Through an open window the night, full of soft, distant sound, made itself felt once more. The candles, under their red shades, flickered at intervals. The noiseless butler came and went. How old his uncle was getting to look, Adrian reflected. There was a grayness about his cheeks; fine, wire-like lines about his mouth. And he was falling into that sure sign of age, a vacant absent-mindedness. Half the time he was not listening to what he, Adrian, was saying; instead, his eyes sought constantly the shadows over the carved sideboard across the table from him. What did he see there? What question was he asking? Adrian wondered. Only once was his uncle very much interested, and that was when Adrian had spoken of the war and the psychology left in its train. Adrian himself had not long before been released from a weary round of training-camps, where, in Texas dust, or the unpleasant resinous summer of the South, he had gone through a repetition that in the end had threatened to render him an imbecile. He was not illusioned. As separate personalities, men had lost much of their glamour for him; there had been too much sweat, too much crowding, too much invasion of dignity, of everything for which the world claimed it had been struggling and praying. But alongside of this revolt on his part had grown up an immense pity and belief in humanity as a mass—struggling, worm-like, aspiring, idiotic, heroic. The thought of it made him uncomfortable and at the same time elate.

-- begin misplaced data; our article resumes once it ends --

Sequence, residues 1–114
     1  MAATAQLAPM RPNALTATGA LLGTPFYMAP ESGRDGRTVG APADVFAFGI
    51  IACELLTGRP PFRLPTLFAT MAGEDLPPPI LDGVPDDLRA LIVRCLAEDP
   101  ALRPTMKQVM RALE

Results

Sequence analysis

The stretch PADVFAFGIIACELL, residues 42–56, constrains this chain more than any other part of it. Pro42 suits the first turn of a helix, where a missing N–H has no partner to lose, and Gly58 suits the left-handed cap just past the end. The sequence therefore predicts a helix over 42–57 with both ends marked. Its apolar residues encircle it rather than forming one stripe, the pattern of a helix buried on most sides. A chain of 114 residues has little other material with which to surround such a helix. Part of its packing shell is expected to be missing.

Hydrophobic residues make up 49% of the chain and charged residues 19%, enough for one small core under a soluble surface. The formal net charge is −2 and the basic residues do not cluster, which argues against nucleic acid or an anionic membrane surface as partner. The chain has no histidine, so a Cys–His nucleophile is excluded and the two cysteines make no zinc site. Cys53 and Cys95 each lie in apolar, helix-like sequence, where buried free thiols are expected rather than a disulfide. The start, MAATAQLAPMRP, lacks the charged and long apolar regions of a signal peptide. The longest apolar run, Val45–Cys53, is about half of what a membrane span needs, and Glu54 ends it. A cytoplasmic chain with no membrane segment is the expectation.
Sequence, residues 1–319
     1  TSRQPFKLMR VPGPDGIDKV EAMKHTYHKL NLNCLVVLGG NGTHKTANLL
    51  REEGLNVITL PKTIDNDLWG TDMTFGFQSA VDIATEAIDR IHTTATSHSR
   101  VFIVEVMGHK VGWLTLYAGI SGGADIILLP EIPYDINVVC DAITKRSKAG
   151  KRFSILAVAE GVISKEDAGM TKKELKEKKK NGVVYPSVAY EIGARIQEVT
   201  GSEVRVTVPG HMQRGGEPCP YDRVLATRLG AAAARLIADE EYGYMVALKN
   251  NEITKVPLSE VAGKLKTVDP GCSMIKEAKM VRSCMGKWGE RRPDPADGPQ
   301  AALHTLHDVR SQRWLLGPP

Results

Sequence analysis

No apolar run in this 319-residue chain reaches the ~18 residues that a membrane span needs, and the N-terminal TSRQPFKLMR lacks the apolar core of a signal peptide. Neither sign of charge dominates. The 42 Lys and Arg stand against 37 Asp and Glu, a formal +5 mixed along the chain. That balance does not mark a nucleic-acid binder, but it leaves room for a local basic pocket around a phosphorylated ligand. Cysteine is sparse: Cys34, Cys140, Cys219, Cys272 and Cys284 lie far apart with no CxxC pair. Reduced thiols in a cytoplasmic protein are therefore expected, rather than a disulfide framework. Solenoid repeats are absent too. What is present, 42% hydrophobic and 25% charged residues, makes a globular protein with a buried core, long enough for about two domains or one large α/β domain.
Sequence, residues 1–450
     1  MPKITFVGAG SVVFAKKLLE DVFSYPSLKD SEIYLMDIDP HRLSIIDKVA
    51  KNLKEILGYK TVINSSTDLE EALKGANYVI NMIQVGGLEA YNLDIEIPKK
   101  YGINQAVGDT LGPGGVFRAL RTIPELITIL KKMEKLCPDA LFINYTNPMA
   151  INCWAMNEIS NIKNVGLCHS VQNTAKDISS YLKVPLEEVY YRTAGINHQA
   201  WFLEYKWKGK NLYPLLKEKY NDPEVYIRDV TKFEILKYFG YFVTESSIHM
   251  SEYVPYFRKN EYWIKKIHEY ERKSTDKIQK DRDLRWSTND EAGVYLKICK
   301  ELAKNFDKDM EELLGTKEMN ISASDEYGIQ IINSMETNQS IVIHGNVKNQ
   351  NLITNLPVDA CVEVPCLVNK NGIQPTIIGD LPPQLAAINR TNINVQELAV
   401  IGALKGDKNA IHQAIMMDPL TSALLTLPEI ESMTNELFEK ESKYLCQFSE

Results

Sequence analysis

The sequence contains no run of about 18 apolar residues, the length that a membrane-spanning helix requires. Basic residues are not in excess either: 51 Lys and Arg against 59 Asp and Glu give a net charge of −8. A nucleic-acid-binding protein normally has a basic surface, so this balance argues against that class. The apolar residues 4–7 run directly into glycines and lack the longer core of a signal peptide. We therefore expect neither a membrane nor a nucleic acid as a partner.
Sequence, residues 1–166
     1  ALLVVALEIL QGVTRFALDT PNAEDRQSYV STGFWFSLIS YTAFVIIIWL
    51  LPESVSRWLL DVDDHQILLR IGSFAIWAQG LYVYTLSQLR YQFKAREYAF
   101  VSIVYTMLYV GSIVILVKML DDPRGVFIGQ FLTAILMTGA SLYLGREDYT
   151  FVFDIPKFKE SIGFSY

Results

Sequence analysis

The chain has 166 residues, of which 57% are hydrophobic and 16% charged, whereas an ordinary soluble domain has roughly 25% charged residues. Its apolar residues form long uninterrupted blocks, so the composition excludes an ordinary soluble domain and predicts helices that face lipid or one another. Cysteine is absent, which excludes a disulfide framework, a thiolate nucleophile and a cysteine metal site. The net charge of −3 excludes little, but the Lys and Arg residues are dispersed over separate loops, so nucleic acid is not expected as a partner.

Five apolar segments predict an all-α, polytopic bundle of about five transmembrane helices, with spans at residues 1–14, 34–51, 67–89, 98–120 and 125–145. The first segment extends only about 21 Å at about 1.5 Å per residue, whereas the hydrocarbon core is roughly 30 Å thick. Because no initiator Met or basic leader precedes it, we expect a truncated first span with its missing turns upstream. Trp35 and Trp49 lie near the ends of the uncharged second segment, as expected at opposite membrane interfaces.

His uncle shook a dissenting head. On this subject he permitted himself mild discussion, but his voice was still that of an old, wearied man, annoyed and bewildered. “Oh, no!” he said. “That's the very feature of it that seems to me most dreadful; the vermicular aspect; the massed uprising; the massed death. About professional armies there was something decent—about professional killing. It was cold-blooded and keen, anyway. But this modern war, and this modern craze for self-revelation! Naked! Why, these books—the young men kept their fingers on the pulses of their reactions. It isn't clean; it makes the individual cheap. War is a dreadful thing; it should be as hidden as murder.” He sat back, smiled. “We seem to have a persistent tendency to become serious to-night,” he remarked.

Serious! Adrian saw a vision of the drill-grounds, and smiled sardonically; then he raised his head in surprise, for the new butler had broken all the rules of the household and was summoning his uncle to the telephone in the midst of dessert. He awaited the expected rebuke, but it did not come. Instead, his uncle paused in the middle of a sentence, stared, and looked up. “Ah, yes!” he said, and arose from his chair. “Forgive me, Adrian, I will be back shortly.” He walked with a new, just noticeable, infirmness toward the door. Once there he seemed to think an apology necessary, for he turned and spoke with absent-minded courtesy.